I am cheered to be honest, because the message that we are the most environmentally aware of the main stream political parties is getting out there and even Santa know its true!

(Before anybody gets too cross with me, I did get some other really lovely presents from Santa, for which I'm really grateful but found a light bulb just one of the more surreal ones!)

Just because I'm paranoid....

Well, yes, but just because I may be being paranoid, it doesn’t mean they’re not out to get us! There I was reading, on the suggestion of the Free Think Blog a perfectly innocent article on free will and neurology and then more came up against the implications of a DNA database that captures innocent people’s DNA.

From the Economist – on their article on neurology and free will.

“At the moment, the criminal law—in the West, at least—is based on the idea that the criminal exercised a choice: no choice, no criminal. The British government, though, is seeking to change the law in order to lock up people with personality disorders that are thought to make them likely to commit crimes, before any crime is committed.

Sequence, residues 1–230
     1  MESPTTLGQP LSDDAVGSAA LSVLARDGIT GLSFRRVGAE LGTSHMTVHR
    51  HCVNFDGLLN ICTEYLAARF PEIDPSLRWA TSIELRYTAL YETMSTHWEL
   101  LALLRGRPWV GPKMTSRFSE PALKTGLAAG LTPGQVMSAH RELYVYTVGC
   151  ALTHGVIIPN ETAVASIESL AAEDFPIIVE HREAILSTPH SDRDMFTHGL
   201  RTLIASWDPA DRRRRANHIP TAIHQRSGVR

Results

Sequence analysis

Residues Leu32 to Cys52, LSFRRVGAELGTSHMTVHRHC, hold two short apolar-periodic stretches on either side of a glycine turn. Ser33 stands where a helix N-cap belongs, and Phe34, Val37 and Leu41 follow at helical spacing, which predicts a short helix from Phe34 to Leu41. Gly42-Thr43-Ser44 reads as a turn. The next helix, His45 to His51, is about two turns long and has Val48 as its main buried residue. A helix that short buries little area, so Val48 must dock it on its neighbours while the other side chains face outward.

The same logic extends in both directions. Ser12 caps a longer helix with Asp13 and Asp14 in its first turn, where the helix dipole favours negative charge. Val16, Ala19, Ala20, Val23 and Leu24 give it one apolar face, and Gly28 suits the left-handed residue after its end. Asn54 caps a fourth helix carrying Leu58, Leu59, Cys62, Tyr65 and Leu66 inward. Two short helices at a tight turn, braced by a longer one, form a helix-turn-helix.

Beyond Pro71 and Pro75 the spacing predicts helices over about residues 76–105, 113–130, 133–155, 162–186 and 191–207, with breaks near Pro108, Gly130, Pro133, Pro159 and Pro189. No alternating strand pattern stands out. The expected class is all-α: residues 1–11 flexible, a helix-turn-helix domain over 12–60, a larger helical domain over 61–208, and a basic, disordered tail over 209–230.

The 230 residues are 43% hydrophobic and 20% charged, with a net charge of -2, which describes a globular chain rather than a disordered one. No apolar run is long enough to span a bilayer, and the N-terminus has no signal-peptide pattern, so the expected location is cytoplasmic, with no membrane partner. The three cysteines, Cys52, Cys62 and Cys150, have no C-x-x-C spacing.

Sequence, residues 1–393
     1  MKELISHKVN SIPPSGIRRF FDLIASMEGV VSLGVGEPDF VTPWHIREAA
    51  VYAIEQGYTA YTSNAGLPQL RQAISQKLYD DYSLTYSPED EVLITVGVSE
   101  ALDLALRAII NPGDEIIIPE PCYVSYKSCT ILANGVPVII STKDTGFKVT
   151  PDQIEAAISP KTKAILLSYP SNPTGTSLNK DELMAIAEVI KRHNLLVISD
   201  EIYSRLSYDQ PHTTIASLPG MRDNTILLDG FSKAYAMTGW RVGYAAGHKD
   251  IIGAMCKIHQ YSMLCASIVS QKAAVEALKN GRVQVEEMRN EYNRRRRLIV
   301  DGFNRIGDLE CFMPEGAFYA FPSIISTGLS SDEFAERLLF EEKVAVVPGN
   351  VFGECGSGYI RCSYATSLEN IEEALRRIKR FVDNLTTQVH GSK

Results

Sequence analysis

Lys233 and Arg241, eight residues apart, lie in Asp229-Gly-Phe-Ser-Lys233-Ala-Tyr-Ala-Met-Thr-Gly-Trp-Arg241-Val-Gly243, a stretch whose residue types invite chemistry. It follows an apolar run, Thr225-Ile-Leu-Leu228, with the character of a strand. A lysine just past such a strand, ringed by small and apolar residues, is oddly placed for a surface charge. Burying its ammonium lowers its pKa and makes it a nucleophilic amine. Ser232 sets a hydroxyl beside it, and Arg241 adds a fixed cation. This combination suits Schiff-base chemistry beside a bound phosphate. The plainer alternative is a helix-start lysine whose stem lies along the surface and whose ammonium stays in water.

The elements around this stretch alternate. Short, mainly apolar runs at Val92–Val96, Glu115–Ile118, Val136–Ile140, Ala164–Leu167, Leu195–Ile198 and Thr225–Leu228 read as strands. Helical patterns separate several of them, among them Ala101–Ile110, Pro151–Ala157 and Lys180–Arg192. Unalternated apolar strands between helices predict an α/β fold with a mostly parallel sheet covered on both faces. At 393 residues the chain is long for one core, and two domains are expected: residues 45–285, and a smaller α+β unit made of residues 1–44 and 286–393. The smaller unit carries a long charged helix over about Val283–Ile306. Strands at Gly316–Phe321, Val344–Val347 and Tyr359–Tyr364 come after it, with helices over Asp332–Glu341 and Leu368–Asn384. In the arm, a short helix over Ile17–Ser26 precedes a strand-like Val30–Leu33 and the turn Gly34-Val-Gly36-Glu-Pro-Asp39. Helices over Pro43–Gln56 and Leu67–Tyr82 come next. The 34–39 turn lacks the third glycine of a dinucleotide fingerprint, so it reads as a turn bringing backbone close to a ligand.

Such disorders are serious pathologies. But the National DNA Database being built up by the British government (which includes material from many innocent people), would already allow the identification of those with milder predispositions to anger and violence. How soon before those people are subject to special surveillance? And if the state chose to carry out such surveillance, recognising that the people in question may pose particular risks merely because of their biology, it could hardly then argue that they were wholly responsible for any crime that they did go on to commit.”